The deal marks a milestone for the current iteration of ICM, which became a partner-owned agency in May 2012 when Chris Silbermann and 28 other partners bought the company back from its previous private equity partner, Rizvi Traverse Management. Relations between Rizvi and ICM became fraught by the end of the relationship that spanned about seven years.
This time around, Silbermann maintains the structure of the agency’s deal with Crestview is different. The partnership structure remains the majority owner of ICM. But as part of the capital influx, the partnership will undergo some transition as some existing equity holders will be bought out.
“We structured it much differently than before,” Silbermann told Variety. “We have control of the agency. I am the CEO and that’s not changing. We control the board; it’s run by agents.”
Silbermann said the investment money would be used in part to help “reward” employees at all levels of the agency. It will also help fund acquisition of other agencies and related assets. And it will be used to help recruit top agents.
The influence of private investment cash in the talent agency business has become a point of concern for many in the creative community. The Writers Guild of America has pointed to this trend as a reason for the guild’s effort to tighten the rules of the road for agents that represent WGA members — a conflict that has led to lawsuits and more than 7,000 writers firing agents en masse last April.
Silbermann emphasized that ICM’s focus on the business of talent representation will not change.
“The world’s changing night and day,” Silbermann said. “This will give us the firepower we need to go have some very interesting conversations and make some interesting deals.”
Brian Cassidy, partner and head of media for Crestview, credited ICM with delivering “dramatic growth” that reflects the booming market for talent.
“We are thrilled to partner with Chris and the dedicated agents and senior management team at ICM Partners, to help accelerate their expansion at a time of unprecedented global demand for content, content creators and the artists that bring it all alive,” Cassidy said. “With a strong leadership team and a sole focus on client representation, we are confident that ICM is well-positioned for further success in this industry.”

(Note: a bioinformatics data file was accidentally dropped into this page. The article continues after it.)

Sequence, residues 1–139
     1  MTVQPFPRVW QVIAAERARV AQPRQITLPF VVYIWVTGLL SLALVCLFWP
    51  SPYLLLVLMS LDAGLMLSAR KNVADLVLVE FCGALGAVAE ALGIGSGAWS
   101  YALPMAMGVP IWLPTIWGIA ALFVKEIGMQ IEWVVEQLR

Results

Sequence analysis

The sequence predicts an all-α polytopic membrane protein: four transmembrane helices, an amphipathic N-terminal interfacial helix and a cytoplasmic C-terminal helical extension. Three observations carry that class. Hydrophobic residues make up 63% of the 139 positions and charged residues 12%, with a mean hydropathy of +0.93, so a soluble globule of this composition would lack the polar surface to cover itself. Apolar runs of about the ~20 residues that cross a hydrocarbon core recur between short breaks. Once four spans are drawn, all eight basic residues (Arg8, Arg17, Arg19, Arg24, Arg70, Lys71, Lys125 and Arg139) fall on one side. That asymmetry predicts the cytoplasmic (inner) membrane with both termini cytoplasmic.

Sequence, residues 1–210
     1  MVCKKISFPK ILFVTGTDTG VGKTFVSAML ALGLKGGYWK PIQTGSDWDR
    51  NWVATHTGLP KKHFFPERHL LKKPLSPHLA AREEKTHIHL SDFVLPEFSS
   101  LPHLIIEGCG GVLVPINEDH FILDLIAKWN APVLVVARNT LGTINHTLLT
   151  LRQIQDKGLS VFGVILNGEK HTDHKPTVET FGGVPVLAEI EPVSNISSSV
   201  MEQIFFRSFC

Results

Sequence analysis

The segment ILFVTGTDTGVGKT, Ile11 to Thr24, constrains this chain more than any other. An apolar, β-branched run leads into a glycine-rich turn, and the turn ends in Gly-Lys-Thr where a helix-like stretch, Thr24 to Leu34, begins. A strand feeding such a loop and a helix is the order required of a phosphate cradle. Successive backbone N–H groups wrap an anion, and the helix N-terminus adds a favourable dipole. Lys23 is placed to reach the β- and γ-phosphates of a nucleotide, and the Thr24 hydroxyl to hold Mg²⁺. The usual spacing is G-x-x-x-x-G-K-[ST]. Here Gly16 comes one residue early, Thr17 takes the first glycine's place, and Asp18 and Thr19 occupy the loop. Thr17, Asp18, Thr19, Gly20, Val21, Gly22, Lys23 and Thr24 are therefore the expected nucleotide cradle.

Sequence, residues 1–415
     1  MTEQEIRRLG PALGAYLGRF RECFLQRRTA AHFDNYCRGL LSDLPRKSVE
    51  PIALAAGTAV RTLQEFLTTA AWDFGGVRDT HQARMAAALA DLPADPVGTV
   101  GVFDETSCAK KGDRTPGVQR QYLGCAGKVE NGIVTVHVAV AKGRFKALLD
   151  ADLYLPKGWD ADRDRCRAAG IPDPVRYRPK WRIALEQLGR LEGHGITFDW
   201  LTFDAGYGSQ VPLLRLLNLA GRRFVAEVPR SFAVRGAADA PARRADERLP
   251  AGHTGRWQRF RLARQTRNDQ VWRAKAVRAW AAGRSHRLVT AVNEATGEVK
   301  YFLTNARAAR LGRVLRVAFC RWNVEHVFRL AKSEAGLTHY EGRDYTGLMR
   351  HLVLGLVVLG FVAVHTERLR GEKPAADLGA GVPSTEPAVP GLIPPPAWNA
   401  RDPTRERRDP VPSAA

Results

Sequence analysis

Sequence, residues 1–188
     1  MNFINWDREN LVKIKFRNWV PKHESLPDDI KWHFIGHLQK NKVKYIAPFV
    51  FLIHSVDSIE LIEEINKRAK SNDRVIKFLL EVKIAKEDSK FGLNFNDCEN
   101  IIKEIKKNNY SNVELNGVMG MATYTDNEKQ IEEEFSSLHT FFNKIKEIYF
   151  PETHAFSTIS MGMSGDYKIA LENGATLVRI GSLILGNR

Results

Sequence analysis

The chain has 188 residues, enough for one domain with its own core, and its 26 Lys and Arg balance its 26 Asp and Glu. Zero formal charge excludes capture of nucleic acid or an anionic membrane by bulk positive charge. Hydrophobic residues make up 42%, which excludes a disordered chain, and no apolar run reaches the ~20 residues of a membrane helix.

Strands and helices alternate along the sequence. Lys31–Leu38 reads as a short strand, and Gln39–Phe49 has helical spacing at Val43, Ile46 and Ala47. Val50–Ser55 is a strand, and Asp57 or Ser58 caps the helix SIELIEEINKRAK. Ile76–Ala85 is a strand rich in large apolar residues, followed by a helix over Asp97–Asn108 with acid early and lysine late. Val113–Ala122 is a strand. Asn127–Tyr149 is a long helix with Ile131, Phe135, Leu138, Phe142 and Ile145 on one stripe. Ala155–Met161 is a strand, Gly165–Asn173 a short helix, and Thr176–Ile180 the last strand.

ICM hired investment bank Lazard last year to gauge the market interest in the agency. Crestview Partners felt like the right fit to Silbermann, who went into the investor courtship process with the memory of the Rizvi Traverse conflicts fresh in his mind.
ICM intends to maintain its focus on traditional Hollywood talent agency functions rather than pursue the diversification seen in varying degrees at WME, CAA and UTA.
Crestview is “singularly focused on supporting our vision of being a representation company first and foremost,” Silbermann said. “They’re not going to push me into things outside of the representation business or into production. They supported the partnership structure. We’re not changing into a corporate structure. They are supporting the cultural significance of what a partnership means.”
CAA’s majority owner is private equity giant TPG. Under the Endeavor umbrella, WME is largely owned by Silver Lake. UTA last year took on two additional investors — Investcorp and the Public Sector Pension Investment Board — in addition to ValueAct Capital founder Jeffrey Ubben, who came on board in 2015.
Based in New York, Crestview manages about $9 billion in assets. Past media-related investments have included cable operators Charter Communications and Insight Communications, and radio station owner Cumulus Media.
ICM was advised on the deal by Lazard, Sheppard Mullin Richter & Hampton, and Latham & Watkins. Crestview was advised by Davis Polk & Wardwell.